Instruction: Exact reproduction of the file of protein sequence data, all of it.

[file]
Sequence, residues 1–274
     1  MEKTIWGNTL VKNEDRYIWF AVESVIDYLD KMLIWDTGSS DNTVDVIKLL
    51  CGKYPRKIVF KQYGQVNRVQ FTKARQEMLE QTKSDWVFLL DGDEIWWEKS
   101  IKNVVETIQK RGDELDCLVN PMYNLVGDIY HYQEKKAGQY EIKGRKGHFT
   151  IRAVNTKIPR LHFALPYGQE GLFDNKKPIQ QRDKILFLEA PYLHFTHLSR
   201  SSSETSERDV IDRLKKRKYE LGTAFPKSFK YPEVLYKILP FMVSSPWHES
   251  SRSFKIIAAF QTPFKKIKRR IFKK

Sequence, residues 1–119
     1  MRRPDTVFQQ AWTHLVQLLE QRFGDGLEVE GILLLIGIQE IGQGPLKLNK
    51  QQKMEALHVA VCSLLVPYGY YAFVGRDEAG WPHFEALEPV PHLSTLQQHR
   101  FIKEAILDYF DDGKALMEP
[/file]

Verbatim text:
Sequence, residues 1–274
     1  MEKTIWGNTL VKNEDRYIWF AVESVIDYLD KMLIWDTGSS DNTVDVIKLL
    51  CGKYPRKIVF KQYGQVNRVQ FTKARQEMLE QTKSDWVFLL DGDEIWWEKS
   101  IKNVVETIQK RGDELDCLVN PMYNLVGDIY HYQEKKAGQY EIKGRKGHFT
   151  IRAVNTKIPR LHFALPYGQE GLFDNKKPIQ QRDKILFLEA PYLHFTHLSR
   201  SSSETSERDV IDRLKKRKYE LGTAFPKSFK YPEVLYKILP FMVSSPWHES
   251  SRSFKIIAAF QTPFKKIKRR IFKK

Sequence, residues 1–119
     1  MRRPDTVFQQ AWTHLVQLLE QRFGDGLEVE GILLLIGIQE IGQGPLKLNK
    51  QQKMEALHVA VCSLLVPYGY YAFVGRDEAG WPHFEALEPV PHLSTLQQHR
   101  FIKEAILDYF DDGKALMEP